ANNAPOLIS, Md. (AP) - While Maryland public schools scored above national averages on a recent national reading assessment, the state had blocked more than half of English language learners and students with learning disabilities from taking the test.
The Washington Post reports Maryland excluded 62 percent of students in the two categories from the fourth-grade reading test. The state blocked 60 percent of those students from taking the eighth-grade reading test.
Maryland's exclusion rate was more than double that of any other state on the 2013 National Assessment of Educational Progress. The board overseeing the test has set a goal that states exclude just 15 percent of learning-disabled and English language learners.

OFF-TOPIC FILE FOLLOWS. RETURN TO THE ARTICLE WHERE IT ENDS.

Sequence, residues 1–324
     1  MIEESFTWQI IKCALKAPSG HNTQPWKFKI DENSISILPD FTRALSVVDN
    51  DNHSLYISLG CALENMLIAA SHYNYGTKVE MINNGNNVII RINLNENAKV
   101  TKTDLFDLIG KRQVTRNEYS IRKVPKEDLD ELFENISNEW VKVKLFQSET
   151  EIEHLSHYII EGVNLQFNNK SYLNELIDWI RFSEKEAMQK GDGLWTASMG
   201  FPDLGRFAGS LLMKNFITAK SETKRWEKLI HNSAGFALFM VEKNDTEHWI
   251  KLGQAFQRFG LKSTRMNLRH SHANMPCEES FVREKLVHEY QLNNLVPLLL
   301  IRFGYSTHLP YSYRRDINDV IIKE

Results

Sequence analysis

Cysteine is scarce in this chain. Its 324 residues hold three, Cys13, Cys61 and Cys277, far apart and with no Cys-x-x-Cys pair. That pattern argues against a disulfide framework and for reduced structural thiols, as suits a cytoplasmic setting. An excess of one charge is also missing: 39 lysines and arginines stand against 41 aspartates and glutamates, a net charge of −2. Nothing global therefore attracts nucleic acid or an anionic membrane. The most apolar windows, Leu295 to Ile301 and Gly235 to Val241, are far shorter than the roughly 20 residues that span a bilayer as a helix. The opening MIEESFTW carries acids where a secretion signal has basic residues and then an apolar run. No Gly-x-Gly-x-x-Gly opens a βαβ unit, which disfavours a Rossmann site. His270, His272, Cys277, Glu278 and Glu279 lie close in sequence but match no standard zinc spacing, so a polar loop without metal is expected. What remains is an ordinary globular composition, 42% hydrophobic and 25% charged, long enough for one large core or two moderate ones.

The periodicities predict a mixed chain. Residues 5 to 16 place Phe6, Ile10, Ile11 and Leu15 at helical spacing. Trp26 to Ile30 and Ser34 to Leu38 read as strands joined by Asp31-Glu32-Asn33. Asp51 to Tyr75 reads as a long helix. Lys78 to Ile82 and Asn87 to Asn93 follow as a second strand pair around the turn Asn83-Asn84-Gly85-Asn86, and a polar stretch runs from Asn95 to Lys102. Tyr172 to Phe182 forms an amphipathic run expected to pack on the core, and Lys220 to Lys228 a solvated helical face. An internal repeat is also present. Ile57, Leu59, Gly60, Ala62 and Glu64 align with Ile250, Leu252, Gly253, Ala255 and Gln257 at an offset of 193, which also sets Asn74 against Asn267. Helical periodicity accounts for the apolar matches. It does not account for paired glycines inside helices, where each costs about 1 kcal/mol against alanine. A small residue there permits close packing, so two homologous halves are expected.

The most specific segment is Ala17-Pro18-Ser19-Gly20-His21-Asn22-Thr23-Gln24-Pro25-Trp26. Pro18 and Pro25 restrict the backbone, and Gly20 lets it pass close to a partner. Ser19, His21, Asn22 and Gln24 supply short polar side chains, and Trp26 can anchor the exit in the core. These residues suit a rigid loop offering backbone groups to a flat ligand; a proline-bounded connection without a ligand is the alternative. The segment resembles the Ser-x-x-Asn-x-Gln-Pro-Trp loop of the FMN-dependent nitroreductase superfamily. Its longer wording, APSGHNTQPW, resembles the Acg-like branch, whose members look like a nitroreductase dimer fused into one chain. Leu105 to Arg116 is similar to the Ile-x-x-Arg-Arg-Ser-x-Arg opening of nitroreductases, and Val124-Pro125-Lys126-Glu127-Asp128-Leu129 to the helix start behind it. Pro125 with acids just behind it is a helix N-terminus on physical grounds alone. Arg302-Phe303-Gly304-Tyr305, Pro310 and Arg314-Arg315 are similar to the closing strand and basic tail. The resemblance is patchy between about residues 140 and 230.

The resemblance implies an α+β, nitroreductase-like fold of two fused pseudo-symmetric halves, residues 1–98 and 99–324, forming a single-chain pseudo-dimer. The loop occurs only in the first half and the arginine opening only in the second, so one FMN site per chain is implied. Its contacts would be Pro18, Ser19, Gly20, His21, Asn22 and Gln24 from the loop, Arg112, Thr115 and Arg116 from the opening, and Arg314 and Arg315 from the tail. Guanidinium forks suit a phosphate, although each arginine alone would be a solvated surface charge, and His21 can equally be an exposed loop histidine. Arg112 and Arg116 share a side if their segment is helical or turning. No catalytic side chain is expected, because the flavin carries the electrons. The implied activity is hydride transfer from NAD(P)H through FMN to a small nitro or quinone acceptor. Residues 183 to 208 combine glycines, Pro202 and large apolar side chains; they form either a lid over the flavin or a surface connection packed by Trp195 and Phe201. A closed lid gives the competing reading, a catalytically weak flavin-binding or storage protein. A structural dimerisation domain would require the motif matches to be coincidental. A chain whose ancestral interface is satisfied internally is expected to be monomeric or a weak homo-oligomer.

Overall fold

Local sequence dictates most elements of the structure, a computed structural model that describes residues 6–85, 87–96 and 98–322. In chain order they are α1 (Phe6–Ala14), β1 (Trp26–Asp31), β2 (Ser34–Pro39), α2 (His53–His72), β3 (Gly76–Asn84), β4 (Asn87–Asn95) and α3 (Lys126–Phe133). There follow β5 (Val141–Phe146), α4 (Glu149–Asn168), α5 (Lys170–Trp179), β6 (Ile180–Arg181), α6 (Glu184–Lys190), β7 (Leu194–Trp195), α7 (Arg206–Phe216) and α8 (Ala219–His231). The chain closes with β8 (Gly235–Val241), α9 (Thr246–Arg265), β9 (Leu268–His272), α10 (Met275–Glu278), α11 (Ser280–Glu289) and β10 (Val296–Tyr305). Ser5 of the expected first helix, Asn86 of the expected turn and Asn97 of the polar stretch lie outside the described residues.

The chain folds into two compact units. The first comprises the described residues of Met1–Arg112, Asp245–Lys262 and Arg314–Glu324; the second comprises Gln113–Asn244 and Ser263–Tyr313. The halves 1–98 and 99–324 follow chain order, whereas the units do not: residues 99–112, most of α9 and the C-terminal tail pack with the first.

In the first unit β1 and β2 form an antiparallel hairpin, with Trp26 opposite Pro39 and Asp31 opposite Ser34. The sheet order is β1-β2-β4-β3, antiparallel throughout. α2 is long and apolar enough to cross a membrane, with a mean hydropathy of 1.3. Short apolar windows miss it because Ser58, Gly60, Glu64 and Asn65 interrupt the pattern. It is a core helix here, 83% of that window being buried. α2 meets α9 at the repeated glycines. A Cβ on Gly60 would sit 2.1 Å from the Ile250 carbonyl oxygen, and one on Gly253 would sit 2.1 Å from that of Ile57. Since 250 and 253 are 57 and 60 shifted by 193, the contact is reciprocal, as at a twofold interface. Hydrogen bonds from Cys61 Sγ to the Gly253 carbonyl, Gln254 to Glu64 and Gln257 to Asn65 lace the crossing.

State Superintendent of Schools Lillian Lowery says she plans to review the state's exclusion rates and the impact on test scores.